A lot of people “don’t like” hockey. Most of said people have never watched a game or a playoff series and likely have little-to-no understanding of the game they choose to blindly bash, otherwise, they would certainly sing a different tune.
Only a few games into the postseason this year and we’re already witnessing upsets-galore as the NHL is taking us on one heck of a wild ride that nobody wants to get off of just yet.
The Stanley Cup Playoffs is perhaps the most exciting postseason in all of North American professional team sports not only because of the increased intensity of an already fast and furious game, but also because of the predictably unpredictable results.
Unlike football, baseball or basketball, the “underdogs” frequently get the best of the favorites when Lord Stanley is involved as the NHL playoffs provide all kinds of crazy drama in “truth is stranger than fiction” fashion. Just like in the early rounds of the NCAA basketball tournament, it’s easy to gravitate to teams with players you’ve never heard of solely because they have the potential to be that Cinderella story. The NHL playoffs give us a solid underdog storyline or two nearly every year as lower seeds routinely give higher seeds a run for their money.
In the Western Conference, the 8-seed Los Angeles Kings lead the 1-seed Vancouver Canucks (last year’s Cup runner up) two games to none in the first round as L.A. stole back-to-back road games in British Columbia. Meanwhile the 8-seed Washington Capitals logged a double-overtime win over the top dog Bruins in Boston to tie the first-round series 1-1.
What are the chances that either of these 8-seeds actually pull off the upset and beat the 1-seed in the series? Believe it or not, that feat has been accomplished nine times in 34 tries since the NHL adopted its current playoff format 17 years ago. When you crunch those numbers, the 8-seed beats the 1-seed in the conference quarterfinals 28.1 percent of the time. That might not seem like a lot, but in comparison to the NBA where we’ve only seen the 8-seed down the 1-seed four times, EVER, the odds aren’t terrible for the little guys!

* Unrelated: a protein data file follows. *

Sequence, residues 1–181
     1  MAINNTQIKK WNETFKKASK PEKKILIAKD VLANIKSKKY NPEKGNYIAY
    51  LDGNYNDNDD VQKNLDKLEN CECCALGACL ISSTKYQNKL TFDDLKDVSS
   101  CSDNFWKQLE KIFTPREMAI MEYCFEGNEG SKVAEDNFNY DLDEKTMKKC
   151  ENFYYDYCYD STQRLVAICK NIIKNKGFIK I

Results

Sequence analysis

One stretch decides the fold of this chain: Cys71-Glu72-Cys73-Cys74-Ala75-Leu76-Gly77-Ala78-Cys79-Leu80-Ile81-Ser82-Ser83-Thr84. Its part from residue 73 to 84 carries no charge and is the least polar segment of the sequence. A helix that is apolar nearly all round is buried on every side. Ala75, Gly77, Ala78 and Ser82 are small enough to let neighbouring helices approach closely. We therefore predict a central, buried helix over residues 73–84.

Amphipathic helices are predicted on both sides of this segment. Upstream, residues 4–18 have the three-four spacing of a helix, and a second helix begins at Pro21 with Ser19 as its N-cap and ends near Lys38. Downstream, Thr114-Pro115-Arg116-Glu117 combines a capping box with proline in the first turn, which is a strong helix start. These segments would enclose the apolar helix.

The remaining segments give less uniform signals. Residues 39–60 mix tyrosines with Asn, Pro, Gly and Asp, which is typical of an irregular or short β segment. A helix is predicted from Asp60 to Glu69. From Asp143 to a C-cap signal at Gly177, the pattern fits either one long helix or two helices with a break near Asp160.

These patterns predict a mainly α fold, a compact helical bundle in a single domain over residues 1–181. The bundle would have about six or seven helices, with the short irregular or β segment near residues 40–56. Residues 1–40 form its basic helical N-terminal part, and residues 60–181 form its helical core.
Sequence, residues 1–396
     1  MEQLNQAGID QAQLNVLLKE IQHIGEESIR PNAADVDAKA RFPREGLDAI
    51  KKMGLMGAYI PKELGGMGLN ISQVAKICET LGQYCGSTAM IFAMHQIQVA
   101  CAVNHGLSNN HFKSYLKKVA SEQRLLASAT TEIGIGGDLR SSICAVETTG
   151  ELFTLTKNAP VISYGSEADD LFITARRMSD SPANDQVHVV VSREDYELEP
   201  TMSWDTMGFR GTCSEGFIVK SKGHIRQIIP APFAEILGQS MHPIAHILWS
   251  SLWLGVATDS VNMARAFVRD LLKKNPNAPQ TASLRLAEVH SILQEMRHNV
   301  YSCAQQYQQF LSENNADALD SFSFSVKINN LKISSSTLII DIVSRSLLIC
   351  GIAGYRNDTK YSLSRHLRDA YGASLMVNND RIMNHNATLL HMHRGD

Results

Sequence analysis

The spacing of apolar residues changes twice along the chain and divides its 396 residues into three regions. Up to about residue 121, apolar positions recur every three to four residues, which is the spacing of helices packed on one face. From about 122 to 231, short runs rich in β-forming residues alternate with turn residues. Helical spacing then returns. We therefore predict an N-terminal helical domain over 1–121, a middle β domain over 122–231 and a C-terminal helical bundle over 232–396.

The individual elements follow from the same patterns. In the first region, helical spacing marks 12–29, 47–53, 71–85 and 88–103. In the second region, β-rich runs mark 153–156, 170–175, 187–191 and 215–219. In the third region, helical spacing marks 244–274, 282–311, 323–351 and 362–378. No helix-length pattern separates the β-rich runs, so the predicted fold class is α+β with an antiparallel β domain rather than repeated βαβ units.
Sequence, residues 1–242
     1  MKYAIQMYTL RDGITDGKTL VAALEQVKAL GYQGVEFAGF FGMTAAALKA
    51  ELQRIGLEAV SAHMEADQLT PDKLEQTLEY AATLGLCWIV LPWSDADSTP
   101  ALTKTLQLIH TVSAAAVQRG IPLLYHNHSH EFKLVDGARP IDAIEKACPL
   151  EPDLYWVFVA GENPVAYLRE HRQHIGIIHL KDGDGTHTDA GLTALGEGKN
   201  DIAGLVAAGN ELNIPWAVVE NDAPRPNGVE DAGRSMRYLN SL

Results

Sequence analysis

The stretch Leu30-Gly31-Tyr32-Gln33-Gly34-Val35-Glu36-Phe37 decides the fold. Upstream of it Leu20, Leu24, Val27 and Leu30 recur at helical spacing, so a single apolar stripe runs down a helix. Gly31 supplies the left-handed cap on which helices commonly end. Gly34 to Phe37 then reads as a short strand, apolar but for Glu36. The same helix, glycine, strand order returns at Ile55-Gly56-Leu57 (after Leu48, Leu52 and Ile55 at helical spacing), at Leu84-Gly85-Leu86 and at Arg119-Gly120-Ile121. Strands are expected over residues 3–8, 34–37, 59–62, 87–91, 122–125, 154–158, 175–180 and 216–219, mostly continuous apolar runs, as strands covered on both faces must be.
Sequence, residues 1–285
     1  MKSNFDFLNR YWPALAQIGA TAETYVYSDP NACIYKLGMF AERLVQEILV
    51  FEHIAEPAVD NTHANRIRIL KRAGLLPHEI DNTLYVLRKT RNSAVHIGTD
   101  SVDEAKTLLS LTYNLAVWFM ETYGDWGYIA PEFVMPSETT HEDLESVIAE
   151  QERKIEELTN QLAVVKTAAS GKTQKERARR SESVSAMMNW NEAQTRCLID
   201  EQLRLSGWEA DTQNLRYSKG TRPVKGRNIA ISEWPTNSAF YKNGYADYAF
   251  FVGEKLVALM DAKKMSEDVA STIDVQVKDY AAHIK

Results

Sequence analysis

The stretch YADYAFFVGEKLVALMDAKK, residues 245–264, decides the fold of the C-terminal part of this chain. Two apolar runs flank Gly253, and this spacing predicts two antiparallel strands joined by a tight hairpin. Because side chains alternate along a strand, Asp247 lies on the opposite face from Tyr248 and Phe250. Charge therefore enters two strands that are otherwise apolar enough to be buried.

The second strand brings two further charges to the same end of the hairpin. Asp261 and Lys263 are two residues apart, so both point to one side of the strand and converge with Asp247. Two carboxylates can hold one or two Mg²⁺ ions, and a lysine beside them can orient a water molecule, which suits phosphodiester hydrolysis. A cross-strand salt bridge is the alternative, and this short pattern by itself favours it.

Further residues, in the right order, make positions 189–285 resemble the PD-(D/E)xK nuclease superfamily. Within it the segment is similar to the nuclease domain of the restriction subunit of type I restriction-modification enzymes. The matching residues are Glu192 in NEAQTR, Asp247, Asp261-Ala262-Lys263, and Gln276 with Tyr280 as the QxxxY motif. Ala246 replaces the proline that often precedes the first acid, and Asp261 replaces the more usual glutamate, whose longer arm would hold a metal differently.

Recent history is even more favorable to hockey’s lower seeds. According to Grantland, the higher-seeded team has won 62.5 percent of first-round matchups since NHL play resumed in 2005 after the season-long lockout. 62.5 percent is not an impressive figure if you are the higher-seeded team. Plus, that number gives the underdog a lot of confidence heading into the playoffs. In that same time frame, the higher seed in the NBA has won 79.2 percent of first-round series.
Once the postseason starts, anything is possible in the NHL where parody finds its way into the field of 16. But the 8-seed isn’t the only playoff cellar-dweller having success this year as the 4-seed Pittsburgh Penguins are in a predicament, down 2-0 to the 5-seed Philadelphia Flyers. The Penguins placement in the fourth slot is misleading as Pittsburgh had the second-best point total out East but was relegated to the 4-seed because they finished a point behind the New York Rangers who won their division.
The Pens are extremely talented especially now that Sidney Crosby is back on the ice, but the Flyers are tough as nails and extra motivated after being swept by the Bruins in the second round last season. I suppose it’s all cyclical as the Bruins sweep of the Flyers in 2011 was retribution for the Philly’s historic comeback from a 3-0 series deficit to beat the Bruins in Boston in 7 games back in 2010. Despite the roster differences, the Flyers are rough and confident, much like they were in 2010 and will take no pity on Crosby or any of his teammates. Then again, it wouldn’t shock me if the Pens came back from this 2-0 deficit to win the series, despite the odds now in the Flyers favor. According to NHL.com, teams trailing 2-0 in a best-of-seven series have come back to win the series only 12.7 percent of the time (37-291).
That leads us to the Kings and Canucks. A series victory looks promising for the Kings who are not only bringing a 2-0 series lead back home to L.A., but the Canucks will play a near must-win Game Three without star left winger Daniel Sedin who has been sidelined with a concussion since late March and did not make the trip to Southern California.
Then again, this marks just the third time in team history the Kings have held a 2-0 series lead (first time on the road) and the franchise has NEVER won a Stanley Cup. Despite the Kings’ historical lack of success, at least the roster has some experienced players who will do their best to shake off the stink of the record books and instead, smell the sweetness of victory as L.A. looks to turn the page.
Another team who struggled, fired its head coach and managed to salvage the season to the point of making the playoffs is Washington. Sure, the Caps have Alex Ovechkin and a hot young goalie in Braden Holtby but I can’t see Washington getting past the defending Cup champion Bruins. As superb as Holtby has been, Saturday’s game was his second career playoff game and only his 21st career NHL game, period! Tim Thomas eats those numbers for lunch.
Then again, the NHL Playoffs is the perfect place to expect the unexpected. I’m sayin’ there’s a chance…